Why Non-Reactive Cookware is Used in Canning High Acid Foods

bubbling-jamAs you begin your journey into canning season this summer, you will  notice that recipes to can high acid foods require the use of non-reactive cookware and utensils.  It is a topic of great discussion at our canning classes.  Here is a great explanation by canning expert Marisa McClelland www.foodinjars.com:

Whether you’re an expert canner, a beginner or someone who’s just contemplating dipping their toe into the home preservation waters, you’re certain to have heard that the only foods safe for water bath canning are the high acid ones. We define high acid as a food that’s got a pH of 4.6 or below (the lower the pH, the higher the acid content). The acid content of jams, preserved fruits, chutneys, pickles and more are our balm as canners, because it’s what keeps those preserves safe in their jars until you determine it’s time to crack them open.

There’s only one precaution that you must take when cooking these high acids foods into their canning-ready state. You’ve got to make sure you use a cooking vessel that is non-reactive. Pots made from metals like aluminum and untreated cast iron react with the acid in the preserves and can leach a metallic flavor into your final product.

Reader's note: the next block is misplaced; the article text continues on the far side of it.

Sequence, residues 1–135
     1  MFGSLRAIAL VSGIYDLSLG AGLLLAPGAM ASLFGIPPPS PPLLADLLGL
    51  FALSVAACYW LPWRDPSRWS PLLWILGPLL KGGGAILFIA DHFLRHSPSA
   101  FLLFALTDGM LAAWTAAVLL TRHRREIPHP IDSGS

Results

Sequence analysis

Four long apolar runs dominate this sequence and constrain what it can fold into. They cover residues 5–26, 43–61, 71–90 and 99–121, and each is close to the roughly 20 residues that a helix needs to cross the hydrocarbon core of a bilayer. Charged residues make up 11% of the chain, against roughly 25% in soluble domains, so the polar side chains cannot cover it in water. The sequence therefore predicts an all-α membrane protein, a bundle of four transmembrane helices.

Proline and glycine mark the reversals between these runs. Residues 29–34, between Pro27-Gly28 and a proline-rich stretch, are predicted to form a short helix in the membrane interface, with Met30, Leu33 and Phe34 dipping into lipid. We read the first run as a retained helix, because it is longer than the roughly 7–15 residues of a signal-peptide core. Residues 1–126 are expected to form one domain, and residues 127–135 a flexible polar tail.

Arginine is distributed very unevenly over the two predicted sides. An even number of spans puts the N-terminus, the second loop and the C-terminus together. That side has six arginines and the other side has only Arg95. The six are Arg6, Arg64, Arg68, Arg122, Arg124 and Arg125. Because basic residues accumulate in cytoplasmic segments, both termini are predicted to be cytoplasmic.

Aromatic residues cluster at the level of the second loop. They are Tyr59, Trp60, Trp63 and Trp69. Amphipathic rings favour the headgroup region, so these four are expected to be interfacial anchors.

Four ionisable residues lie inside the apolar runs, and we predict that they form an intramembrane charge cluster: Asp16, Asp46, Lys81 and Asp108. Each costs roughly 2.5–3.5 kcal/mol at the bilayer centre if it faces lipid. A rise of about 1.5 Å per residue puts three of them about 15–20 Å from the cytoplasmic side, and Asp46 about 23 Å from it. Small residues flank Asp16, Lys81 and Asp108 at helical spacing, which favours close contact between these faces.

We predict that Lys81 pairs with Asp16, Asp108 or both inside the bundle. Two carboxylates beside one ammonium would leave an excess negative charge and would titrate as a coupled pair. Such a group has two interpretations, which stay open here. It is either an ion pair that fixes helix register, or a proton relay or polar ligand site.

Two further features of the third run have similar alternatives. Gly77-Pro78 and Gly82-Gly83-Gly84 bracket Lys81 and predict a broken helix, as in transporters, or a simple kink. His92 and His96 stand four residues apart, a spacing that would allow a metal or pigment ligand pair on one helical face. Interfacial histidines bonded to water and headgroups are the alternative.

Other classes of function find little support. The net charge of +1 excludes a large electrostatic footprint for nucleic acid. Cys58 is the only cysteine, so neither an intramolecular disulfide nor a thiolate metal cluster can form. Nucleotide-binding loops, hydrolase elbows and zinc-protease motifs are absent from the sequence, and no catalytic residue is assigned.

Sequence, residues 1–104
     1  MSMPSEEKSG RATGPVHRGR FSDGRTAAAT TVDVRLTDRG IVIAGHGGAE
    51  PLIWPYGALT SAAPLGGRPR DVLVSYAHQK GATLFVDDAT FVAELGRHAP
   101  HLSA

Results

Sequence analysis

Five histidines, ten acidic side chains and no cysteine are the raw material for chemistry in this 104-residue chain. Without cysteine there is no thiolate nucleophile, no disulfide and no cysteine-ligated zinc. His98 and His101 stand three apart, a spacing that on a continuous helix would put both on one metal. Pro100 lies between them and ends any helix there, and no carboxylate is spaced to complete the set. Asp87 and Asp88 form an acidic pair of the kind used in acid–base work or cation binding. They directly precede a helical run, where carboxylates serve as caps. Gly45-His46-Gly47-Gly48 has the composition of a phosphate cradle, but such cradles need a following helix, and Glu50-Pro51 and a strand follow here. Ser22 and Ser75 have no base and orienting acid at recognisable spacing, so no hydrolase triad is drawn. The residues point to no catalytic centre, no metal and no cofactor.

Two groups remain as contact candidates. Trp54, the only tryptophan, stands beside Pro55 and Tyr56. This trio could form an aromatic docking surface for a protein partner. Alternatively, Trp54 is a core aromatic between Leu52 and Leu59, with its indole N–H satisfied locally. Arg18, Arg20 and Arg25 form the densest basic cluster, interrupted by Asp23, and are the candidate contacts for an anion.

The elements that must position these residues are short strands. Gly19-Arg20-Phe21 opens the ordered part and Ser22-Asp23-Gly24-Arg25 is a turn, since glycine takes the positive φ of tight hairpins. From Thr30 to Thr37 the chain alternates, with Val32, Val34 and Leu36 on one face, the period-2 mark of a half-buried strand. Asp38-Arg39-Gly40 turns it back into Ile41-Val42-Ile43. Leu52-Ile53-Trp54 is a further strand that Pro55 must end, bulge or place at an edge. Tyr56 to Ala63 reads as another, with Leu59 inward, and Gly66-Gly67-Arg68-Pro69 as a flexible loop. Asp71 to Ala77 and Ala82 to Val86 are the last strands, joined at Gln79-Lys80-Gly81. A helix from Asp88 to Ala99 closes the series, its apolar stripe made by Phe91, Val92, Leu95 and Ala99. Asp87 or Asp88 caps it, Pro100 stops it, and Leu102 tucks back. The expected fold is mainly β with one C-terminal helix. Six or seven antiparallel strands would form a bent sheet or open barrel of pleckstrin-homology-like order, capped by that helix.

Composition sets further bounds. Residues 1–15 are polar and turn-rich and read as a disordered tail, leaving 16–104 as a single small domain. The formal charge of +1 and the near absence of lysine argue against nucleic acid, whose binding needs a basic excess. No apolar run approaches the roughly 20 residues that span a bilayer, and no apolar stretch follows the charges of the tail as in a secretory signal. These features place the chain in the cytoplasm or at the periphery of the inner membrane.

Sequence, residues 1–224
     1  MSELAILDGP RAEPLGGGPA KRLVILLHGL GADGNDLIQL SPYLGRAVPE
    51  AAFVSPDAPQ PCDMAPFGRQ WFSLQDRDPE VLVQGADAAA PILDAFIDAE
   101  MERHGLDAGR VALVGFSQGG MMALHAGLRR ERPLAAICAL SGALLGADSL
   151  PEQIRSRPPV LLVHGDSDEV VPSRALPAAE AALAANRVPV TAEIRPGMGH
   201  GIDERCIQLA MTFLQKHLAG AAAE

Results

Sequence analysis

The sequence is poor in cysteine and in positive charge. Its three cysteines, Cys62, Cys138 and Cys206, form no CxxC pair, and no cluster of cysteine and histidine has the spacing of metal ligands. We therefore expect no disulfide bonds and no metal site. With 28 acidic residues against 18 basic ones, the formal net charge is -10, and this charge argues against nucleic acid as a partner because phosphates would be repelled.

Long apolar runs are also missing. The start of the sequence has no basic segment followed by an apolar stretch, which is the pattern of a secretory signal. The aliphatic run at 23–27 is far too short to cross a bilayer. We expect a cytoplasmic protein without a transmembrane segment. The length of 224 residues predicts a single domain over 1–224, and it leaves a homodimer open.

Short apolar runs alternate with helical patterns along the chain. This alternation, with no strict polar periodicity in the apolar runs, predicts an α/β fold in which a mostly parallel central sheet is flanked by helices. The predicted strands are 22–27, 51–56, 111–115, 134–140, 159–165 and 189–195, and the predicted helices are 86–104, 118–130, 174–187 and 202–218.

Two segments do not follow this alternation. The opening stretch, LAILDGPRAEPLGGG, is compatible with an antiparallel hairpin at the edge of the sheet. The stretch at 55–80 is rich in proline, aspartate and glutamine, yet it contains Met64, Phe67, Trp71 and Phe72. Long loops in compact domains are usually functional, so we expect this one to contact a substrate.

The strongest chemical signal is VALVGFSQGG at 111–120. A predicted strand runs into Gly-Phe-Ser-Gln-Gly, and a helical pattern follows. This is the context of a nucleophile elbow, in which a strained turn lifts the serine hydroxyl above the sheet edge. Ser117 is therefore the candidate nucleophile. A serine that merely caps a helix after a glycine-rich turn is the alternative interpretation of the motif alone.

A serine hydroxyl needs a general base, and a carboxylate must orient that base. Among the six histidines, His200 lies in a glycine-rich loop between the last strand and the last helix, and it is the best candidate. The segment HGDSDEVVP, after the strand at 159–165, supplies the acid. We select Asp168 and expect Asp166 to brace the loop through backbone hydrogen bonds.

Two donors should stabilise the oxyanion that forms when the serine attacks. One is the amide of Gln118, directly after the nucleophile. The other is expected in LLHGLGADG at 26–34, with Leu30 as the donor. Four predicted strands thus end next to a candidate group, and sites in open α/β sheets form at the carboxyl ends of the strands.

Note: The one exception here is when it comes to traditional copper preserving pans. Copper is a reactive metal, but when fruit and sugar are combined and cooked in a copper pan, the metallic flavor is not leached into the finished product. 

Non-reactive pans are ones made of either stainless steel or enamel-lined cast iron (think Le Creuset or similarly enameled Dutch/French ovens). If you’ve got a stash of aluminum pots and want to give them some role in your canning process, you can always press the big ones into service as processing pots.